In this section I seek to describe how the philosophies, methods and processes described in the previous section has been inscribed into the DHIS software. DHIS as an artifact is very important to the spread and practical applicability of the HISP approach. This analysis is based based on the MS Access line of DHIS, but I will try to make it sufficiently abstract to avoid getting into the technical particularities of the different versions of DHIS. That I will come back to in the empirical part of this thesis.
Important to the spread of HISP is vertical scaling, relating to the hierarchy of standard seen in figure 6.1. To make DHIS scale to all levels within a county’s health system an organisational hierarchy are inscribed into the system. Data can be fragmented down to the level of the reporting unit, and data can be aggregated for all levels above the reporting unit. To facilitate local use of information, and at the same time facilitate reporting to the level above, a unit in the hierarchy can have any numbers of data elements and indicators. Reporting is done by exporting data for data elements and indicators required by the level above. This can then be imported into a DHIS database at the level above.
To empower local health worker through local use of information, DHIS offer support for data analysis at all levels. DHIS offer support for calculating indicators and making charts. Raw data, indicators and charts can be shown at all levels of aggregation from the reporting unit and up. A district information officer having received data from all the other districts in the region can compare data from his district to that of the regional total and with other districts. As mentioned data needs to travel both up and down in the hierarchy to make this possible. DHIS also offer support for validating data to avoid mistakes and inaccuracies in reporting. This is needed to make the data more reliable.
To facilitate horizontal scalability, that is transfer of DHIS to new countries, DHIS is designed to be flexible. DHIS is not a ready made system, but needs to be configured to be useful in a new country. The health hierarchy and all the health institutions have to be specified. All the indicators, semi-permanent data (non-routine data used for indicator calculation etc.), data elements, reports etc. have to be specified. DHIS is designed to make building a database tool for a new country easy. To facilitate translation of the user interface into new languages strings are not hard coded into the system, but retrieved from a database containing the strings in different languages. DHIS is basically divided between two parts; a stable core and a flexible exterior. The stable core is the data structures and processes being stable across different health systems. An hierarchical organisation with clinics, hospitals etc., and administrative units are found in all modern health systems. The core parts of DHIS are the health system hierarchy, the general concepts of data elements and indicators and the processes of reporting and data analysis.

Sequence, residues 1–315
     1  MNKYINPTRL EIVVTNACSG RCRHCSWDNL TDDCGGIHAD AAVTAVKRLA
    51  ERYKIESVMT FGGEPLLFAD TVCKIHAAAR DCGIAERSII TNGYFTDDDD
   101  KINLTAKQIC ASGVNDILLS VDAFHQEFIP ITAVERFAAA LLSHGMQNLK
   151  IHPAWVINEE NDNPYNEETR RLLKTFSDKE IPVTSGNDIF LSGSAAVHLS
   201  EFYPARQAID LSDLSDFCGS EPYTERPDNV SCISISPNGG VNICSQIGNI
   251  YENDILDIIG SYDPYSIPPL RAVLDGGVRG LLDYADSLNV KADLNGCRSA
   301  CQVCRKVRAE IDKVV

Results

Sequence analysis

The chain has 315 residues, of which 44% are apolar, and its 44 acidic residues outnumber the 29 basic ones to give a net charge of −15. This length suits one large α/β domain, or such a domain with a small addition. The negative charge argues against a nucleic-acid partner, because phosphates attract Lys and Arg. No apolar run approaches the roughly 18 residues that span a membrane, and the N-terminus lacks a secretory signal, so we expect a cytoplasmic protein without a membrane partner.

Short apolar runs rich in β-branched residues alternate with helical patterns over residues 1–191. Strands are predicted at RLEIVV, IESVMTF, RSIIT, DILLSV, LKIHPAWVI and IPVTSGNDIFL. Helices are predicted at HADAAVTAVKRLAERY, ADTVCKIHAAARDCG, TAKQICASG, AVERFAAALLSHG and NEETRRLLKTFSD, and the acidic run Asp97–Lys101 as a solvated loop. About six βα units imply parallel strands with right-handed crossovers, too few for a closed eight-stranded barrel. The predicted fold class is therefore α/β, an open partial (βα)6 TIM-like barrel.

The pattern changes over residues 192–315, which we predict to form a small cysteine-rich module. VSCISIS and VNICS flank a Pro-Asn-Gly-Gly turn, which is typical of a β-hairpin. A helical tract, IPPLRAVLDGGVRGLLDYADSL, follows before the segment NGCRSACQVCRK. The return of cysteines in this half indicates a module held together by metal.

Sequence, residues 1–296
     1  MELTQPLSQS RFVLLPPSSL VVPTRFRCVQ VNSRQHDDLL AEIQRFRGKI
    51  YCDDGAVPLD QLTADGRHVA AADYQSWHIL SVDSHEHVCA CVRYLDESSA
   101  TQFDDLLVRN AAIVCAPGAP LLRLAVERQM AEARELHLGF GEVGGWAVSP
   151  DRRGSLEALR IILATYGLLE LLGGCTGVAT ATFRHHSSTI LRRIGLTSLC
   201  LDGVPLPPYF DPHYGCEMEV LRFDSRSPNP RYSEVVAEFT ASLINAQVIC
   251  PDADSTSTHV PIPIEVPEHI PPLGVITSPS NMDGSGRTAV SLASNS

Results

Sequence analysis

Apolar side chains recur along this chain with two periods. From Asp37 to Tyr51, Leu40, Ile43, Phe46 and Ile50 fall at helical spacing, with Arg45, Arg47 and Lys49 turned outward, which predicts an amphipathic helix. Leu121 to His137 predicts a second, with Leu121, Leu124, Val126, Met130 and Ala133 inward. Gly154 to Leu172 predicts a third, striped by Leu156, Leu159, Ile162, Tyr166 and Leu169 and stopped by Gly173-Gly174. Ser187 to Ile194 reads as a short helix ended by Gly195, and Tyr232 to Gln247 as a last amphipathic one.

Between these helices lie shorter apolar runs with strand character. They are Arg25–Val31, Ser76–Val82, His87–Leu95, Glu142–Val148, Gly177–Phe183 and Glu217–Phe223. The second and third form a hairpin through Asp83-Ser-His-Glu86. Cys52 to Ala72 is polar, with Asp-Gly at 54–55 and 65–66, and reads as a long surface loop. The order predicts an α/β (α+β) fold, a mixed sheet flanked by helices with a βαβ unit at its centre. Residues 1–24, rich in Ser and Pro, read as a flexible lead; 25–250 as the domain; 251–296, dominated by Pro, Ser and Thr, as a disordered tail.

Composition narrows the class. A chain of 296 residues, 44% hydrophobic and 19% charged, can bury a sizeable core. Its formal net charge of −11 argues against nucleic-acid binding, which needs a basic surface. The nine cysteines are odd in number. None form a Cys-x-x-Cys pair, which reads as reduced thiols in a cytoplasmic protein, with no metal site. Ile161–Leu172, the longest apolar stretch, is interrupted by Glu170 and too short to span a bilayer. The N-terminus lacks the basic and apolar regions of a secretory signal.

The MS Access line of DHIS (DHIS 1.x) is made with tools available in MS Office. It uses MS Access, Visual Basic for Applications (VBA) and MS Excel. The reason for choosing MS Office as the platform for DHIS was based on pragmatic considerations. The development of DHIS was initiated as a part of the first pilot phase of HISP in South Africa in 1996 - 1998. MS Office was already in widespread use in South Africa, with or without a license, so the cost of obtaining MS Office was not considered a problem. MS Office is an expensive office suite, but software piracy is so widespread in many of the countries HISP operates that this cost have not become a serious problem yet. Because MS Access is a RAD tool, it is a good tool for rapid prototyping. The ability of HISP to get a working database tool made within a relative short time was an important factor in making HISP a relative success to the other HIS initiatives in South Africa. DHIS together with pivot tables in MS Excel made DHIS more than a database tool. Pivot tables offers a powerful tool for data analysis, giving user the ability to make charts and diagrams of the data. The ability of MS Access to integrate with other MS Office programs, like Excel, made the use of MS Access seem like a natural choice. The availability of programmers skilled in VBA also came into the consideration (Braa and Blobel 2003).